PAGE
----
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The Routes immigrants took to reach the Alabama territory

This story can also be found in the book Alabama Footprints: Immigrants 

Routes Taken To The Alabama Territory

After the Creek cession, the first lands in Alabama were put on sale at Milledgeville, Georgia and lay along the upper course of the Alabama River in the neighborhood of present-day Montgomery County. This is why there is a predominance of Georgians in this area.

The location where immigrants settled in the Alabama region usually depended on the state he was from and the route he traveled. A man coming from the piedmont region of Georgia could choose between two routes:

  1. The Federal Road which followed the Alabama-Tombigbee basin.
  2. Another road which passed from Augusta to Athens crossed the Tennessee River to Chattanooga and on to Nashville. This highway then crossed the road from Knoxville to Huntsville and gave access to the Tennessee Valley.

Early Georgia immigrants who settled in Madison County took the 2nd route while later planters from Georgia took the Federal Road and settled in the southern part of Alabama.

Immigrants from South Carolina also had two routes available to them.

  1. The fall-line road through Columbia, South Carolina.
  2. The piedmont road through Greenville and reach the Alabama basin by the Federal Road.

To reach the Tennessee Valley, the South Carolina immigrants passed northward from Greenville, through Saluda Gap in the Blue Ridge where it borders North and South Carolinian, then on to the site of Asheville, and along the course of the French Broad to Knoxville, then on to Huntsville, Alabama. They seemed to have traveled both routes and the majority of them passed on to the central hilly region or the basin of the Black Warrior and upper Tombigbee Rivers.

North Carolina immigrants, like South Carolina immigrants, seemed to favor the central region of Alabama. They also followed two routes:

  1. The route along the French Broad to Knoxville, and onward to Huntsville.
  2. The route from Raleigh through Columbus and Augusta to the Federal Road.

Virginians routes depended on where they lived in Virginia.

  1. The Virginians who came from the Valley followed the route through Cumberland Gap and down the Holston to Knoxville and the Tennessee Valley.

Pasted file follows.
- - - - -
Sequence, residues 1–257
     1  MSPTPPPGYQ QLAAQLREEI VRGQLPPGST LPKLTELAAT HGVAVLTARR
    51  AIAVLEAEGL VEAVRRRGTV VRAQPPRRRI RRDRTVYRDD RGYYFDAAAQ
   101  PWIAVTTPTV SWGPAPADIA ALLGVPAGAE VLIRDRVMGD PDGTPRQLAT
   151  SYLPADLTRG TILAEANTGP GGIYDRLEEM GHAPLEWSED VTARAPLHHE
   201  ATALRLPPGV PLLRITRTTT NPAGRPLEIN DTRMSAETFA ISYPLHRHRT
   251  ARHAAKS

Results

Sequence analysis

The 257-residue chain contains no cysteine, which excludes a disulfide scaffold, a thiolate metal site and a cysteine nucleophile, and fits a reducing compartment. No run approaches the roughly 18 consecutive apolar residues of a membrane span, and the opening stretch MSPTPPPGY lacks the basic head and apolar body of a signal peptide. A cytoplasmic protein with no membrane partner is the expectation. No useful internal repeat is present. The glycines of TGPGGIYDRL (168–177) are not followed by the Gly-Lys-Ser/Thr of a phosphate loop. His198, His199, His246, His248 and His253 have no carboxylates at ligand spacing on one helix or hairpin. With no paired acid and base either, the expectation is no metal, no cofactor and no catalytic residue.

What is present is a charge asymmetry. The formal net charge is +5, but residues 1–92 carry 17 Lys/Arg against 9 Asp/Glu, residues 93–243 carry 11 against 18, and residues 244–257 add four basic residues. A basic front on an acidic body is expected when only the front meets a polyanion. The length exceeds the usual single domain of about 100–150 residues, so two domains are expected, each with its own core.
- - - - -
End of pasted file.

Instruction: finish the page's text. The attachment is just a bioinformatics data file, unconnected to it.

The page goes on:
2. The Virginians from the piedmont region probably took one of the eastern roads leading to southern Alabama and made their way into the Tombigbee-Warrior region.

Tennesseans had the easiest journey. They only had to travel over the Tennessee line and many became squatters in North Alabama.

“The principal route of travel connecting the Tennessee Valley with the Alabama-Tombigbee region was a road passing southwestward from Huntsville through Jones Valley to the town of Tuscaloosa, which grew up at the head of boat navigation upon the Black Warrior. It was along this route that the principal settlements were made in the central hilly region.“

At first, the Tennesseans predominated here, but South Carolinians soon came in so numerously as to outnumber the Tennesseans in some localities. The struggle for supremacy between these elements in Blount and Jefferson Counties provoked open hostilities before it was settled. Finally, the Tennesseans came to predominate in Blount, while the South Carolinians had the majority in Jefferson County.”1

“In the Tombigbee-Warrior region, North Carolinians, South Carolinians, and Virginians mingled in varying proportions but together formed a predominating population element which had its own characteristics. As late as 1856, Greene County, Alabama at the conjunction of the Black Warrior with the Tombigbee, had a population of 438 native South Carolinians, 357 Alabamians, 348 North Carolinians, 92 Georgians, 45 Tennesseans, 24 Kentuckians, 12 men from Connecticut, 37 from Ireland, and 10 from Germany.”

“The presence of a small number of foreigners is characteristic of the early period, and so is the presence of New Englanders. The cosmopolitan population was confined to the trading towns where the merchants were largely Yankees. This was especially true of Mobile, where the transient population was turbulent and varied. A community of Germans was established at Dutch Bend on the Alabama River; and Demopolis, on the Tombigbee, was founded by a band of Napoleonic refugees. However, such segregated community-building was not characteristic.”2

“Finally, in spite of the mixture which was produced by the flow of immigration into Alabama, three areas can be distinguished which show peculiarities due partly to the predominant element in the population. In the Tennessee Valley the preponderance of Tennesseans gave a strongly democratic flavor to political ideas; in the Tombigbee-Warrior region, the Carolina-Virginia predominance seems to be indicated by a flavor of conservatism in things political; while the influence of Georgia politics is clearly discernible in Montgomery County. However, there are other factors which played a more important part in shaping opinions and politics than did the origin of the population, the effect of which, indeed, is often entirely obliterated.”3

1Abernethy, Thomas Perkins, The Formative Period in Alabama 1815-1828, Issue 6, 1922

2Abernethy, Thomas Perkins, The Formative Period in Alabama 1815-1828, Issue 6, 1922

3Abernethy, Thomas Perkins, The Formative Period in Alabama 1815-1828, Issue 6, 1922

ALABAMA FOOTPRINTS Immigrants: Lost & Forgotten Stories (Volume 5)

ALABAMA FOOTPRINTS Immigrants includes some lost & forgotten stories of their experiences such as:

  • The Birth of Twickenham
  • Captain Slick – Fact or Fiction
  • Vine & Olive Company
  • The Death of Stooka
  • President Monroe’s Surprise Visit To Huntsville


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